Saint John Henry Newman and Freedom of Conscience: Countering a Modern Apostasy, by Thomas F. Farr

U.S. Bishops to Meet Nov. 11-13 in Baltimore; Will Elect New USCCB President, Vice President, Committee Chairs, and Vote on Seven Action Items
November 11, 2019
There’s No ‘Parental Right’ to Chemically Castrate a Child, by Jane Clark Scharl
November 11, 2019

By Thomas F. Farr, Public Discourse, Nov. 7, 2019

In the 130 years since John Henry Newman’s death, few concepts have been more misunderstood and distorted than “conscience.” The danger is greater today than when the great saint wrote. The distorted view of conscience that Newman described as oriented to self and not to God has penetrated Western culture and religion. For many, the obligation to follow one’s conscience has been embraced, but fidelity to truth has been set aside. This untethered and counterfeit “freedom of conscience” has led to a widespread subjectivism that Newman saw emerging within modern European society, even in his own day.

John Henry Newman’s teachings provide a proper grounding for freedom of conscience and for the Catholic Church’s duty to defend the truth, both to its members and to society in general. In both of these ways, Newman prefigured the Church’s 1965 Declaration on Religious Freedom, Dignitatis Humanae. Together, Newman and Dignitatis can help us resist the erroneous notion of the free conscience pointed inward to self and isolated from God and nature. Instead, they teach that a truly free conscience is oriented toward God, who, more intimate to self and nature than anyone or anything, is the only guarantor of true freedom. Since Newman’s time, this error has damaged free societies and entered the Church itself. Following Newman and Dignitatis will permit us to defend true freedom of conscience, both within the Church, and for everyone, everywhere.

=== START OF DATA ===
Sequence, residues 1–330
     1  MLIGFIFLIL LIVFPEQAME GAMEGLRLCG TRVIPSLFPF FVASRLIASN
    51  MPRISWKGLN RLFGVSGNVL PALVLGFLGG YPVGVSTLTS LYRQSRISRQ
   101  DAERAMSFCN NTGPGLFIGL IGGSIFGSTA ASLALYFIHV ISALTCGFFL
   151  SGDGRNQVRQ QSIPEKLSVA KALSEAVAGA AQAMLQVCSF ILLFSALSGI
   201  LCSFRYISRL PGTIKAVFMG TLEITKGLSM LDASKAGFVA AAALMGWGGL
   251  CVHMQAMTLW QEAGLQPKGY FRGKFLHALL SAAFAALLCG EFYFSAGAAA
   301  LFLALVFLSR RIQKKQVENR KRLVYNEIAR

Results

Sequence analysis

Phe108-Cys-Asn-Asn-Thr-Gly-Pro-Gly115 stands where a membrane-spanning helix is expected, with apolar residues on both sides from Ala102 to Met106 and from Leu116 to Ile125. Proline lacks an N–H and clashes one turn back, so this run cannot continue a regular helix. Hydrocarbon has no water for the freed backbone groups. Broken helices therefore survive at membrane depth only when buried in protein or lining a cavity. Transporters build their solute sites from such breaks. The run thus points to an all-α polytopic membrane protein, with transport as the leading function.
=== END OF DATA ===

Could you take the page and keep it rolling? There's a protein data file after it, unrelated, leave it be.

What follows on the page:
Newman writes that conscience is the voice of God: “[It] is a messenger from Him, who, both in nature and in grace, speaks to us behind a veil, and teaches and rules us by His representatives.” These are the Magisterium and the fundamental teachings of the Church on faith and morals as the path to true freedom and happiness in this life and the next. ….